Even if Snyder's estoppel claims were not preempted by ERISA, there is no merit to his assertions. There are three elements necessary to sustain a an estoppel claim: (1) material misrepresentation, (2) reliance and (3) damage. See Lee v. Burkhart, 991 F.2d 1004, 1009 (2d Cir. 1993). Snyder's first two contentions, that the Defendants disregarded the $ 2,167 Limitation first, in obtaining IRS approval, and second, in calculating Dann's benefits do not satisfy these elements. Plaintiff has not alleged, nor can he show, that he had knowledge regarding either the alleged misrepresentations to the IRS or Elliot Dann's compensation calculations. As a result, Snyder has not established that he relied on any representation made by the Defendants regarding these two claims, much less whether these claims are indeed material misrepresentations.

 Snyder's third contention is that he relied on Elliot Dann's alleged representation that his benefits would be tied to increases in his commission. Parenthetically, this contention, if true, is in contradiction with his fourth contention, which is that he relied upon the 1981 SPD which stated that there was a $ 3,167 Limitation. Snyder has admitted that he received the 1981 SPD which expressly stated that there was a Limitation, albeit the wrong amount. As discussed above, pursuant to ERISA regulations the written SPD and Plan control alleged oral modifications of pension plans. Snyder's argument is also undermined by the fact that he stayed on at the firm five more years after he admittedly received the 1981 SPD. Therefore, this claim may not prevail given the absence of any factual basis for his assertion that he justifiably relied upon Elliot Dann's alleged oral misrepresentation that his pension was tied to his commission.

 Snyder's last contention -- the only one pleaded in his Amended Complaint -- is that he detrimentally relied on the 1981 SPD which stated that there was a $ 3,167 Limitation to Plan. The Defendants have claimed that the $ 3,167 Limitation mentioned in the 1981 SPD was a typographical error which inserted a "3" instead of a "2" in the $ 2,167 Limitation. To bolster this contention, the Defendants have proffered copies of the original Plan, the 1986 Amended Plan, and the 1980 and 1985 SPDs, distributed to their employees, all of which contain the correct $ 2,167 Limitation. The necessity of reaching the question of whether Snyder reasonably relied upon the representation of the 1981 SPD over the remaining Plans and SPDs is obviated by the 1981 SPD's disclaimer.

 The 1981 SPD contained a disclaimer stating that the content of the Plan, and not the SPD, would control if there were conflicting provisions:


This Summary Plan Description is designed to familiarize you with the provisions of our Plan. In the case of any conflict between the content of this summary and the content of the Plan, the terms of the Plan shall govern.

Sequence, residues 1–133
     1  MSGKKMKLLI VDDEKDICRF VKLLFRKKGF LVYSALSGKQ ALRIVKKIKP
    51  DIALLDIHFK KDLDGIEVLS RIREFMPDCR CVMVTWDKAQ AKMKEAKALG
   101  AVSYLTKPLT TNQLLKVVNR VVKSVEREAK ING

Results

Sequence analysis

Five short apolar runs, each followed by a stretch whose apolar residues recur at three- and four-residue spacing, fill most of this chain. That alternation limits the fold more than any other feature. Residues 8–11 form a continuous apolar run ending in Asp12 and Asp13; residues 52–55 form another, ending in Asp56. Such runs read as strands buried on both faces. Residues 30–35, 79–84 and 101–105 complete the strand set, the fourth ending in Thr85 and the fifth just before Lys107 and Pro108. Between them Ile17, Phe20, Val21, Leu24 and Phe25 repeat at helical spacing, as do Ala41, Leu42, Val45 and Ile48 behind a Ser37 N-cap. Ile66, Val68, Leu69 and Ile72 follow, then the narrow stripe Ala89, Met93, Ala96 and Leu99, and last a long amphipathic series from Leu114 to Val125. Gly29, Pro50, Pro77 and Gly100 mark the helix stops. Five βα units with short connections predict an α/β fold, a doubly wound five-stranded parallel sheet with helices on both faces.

In a similar context, the Second Circuit *fn6" found such provisions to be valid and ruled that terms of the Plan should govern in such circumstances. See Amato v. Western Union Int'l, Inc., 773 F.2d 1402, 1418 (2d Cir. 1985) ("However, the [SPD] also reserves to [Defendants] the right to amend the Plan and states that the terms of the Plan and related trust agreement 'will govern in all cases.' These unambiguous provisions preclude any separate contract claim based solely on the language of the summary plan description."), cert. dismissed, 474 U.S. 1113 (1986); see also Osborne v. New York State Teamsters Conference Pension & Retirement Fund, 783 F. Supp. 739, 743-44 (N.D.N.Y. 1992), vacated on other grounds, 792 F. Supp. 177 (N.D.N.Y. 1992); but see Heidgerd v. Olin Corp., 906 F.2d 903, 906-07 (2d Cir. 1990) (holding plaintiffs may rely on SPD when it purports to summarize the plan in an action in which the SPD, but not the Plan itself, was distributed with employees and filed with Secretary of Labor contract). *fn7"

 Accordingly, as a matter of law, the 1981 SPD's disclaimer which favored the language and content of the Plan bars Snyder from asserting his collateral estoppel claim against the Defendants.

 IV. Breach of Fiduciary Duty

 Snyder has failed to raise material facts supporting his claims against the Plan fiduciaries Elliot Dann, Fawer and Rudin under § 404 of ERISA, 29 U.S.C. § 1104, for breach of fiduciary duties. (See Am. Compl. P 36.) Snyder may not sue for breach of fiduciary duties under ERISA in his individual capacity. Section 409 of ERISA, the statute which authorizes a suit for breach of fiduciary duties as set forth in § 404, provides that "any person who is a fiduciary [under this subchapter] . . . shall be personally liable to make good to such plan any losses to the plan resulting from each such breach. . . ." 29 U.S.C. § 1109(a). Accordingly, such suits can only be maintained on behalf of the plan itself and not by an individual beneficiary in his or her own behalf. See, e.g., Massachusetts Mut. Life Ins. Co. v. Russell, 473 U.S. 134, 140-43, 87 L. Ed. 2d 96, 105 S. Ct. 3085 (1985) (recovery for violation of § 409 inures to benefit of plan as a whole); Donnelly v. Bank of New York Co., 801 F. Supp. 1247, 1253-54 (S.D.N.Y. 1992); O'Neil v. Gencorp, Inc., 764 F. Supp. 833, 833-34 (S.D.N.Y. 1991).

 V. Breach of Contract

 Plaintiff's breach of contract claim, the Fourth Count in his Amended Complaint, must be dismissed as a matter of law. ERISA preempts breach of contract claims. See 29 U.S.C. §§ 1144(a), 1144(b)(2)(A). The Supreme Court has stated that breach of contract claims are specifically preempted by the civil enforcement provisions set forth in ERISA § 502(a), 29 U.S.C. § 1132(a). See Pilot Life Ins. Co. v. Dedeaux, 481 U.S. 41, 52-56, 95 L. Ed. 2d 39, 107 S. Ct. 1549 (1987); Metropolitan Life Ins. Co. v. Taylor, 481 U.S. 58, 62-63, 95 L. Ed. 2d 55, 107 S. Ct. 1542 (1987); Smith v. Dunham-Bush, Inc., 959 F.2d 6, 8-10 (2d Cir. 1992).

 Accordingly, Snyder's breach of contract claim, as a matter of law, cannot lie.

 VI. Top-Heavy Minimum Benefits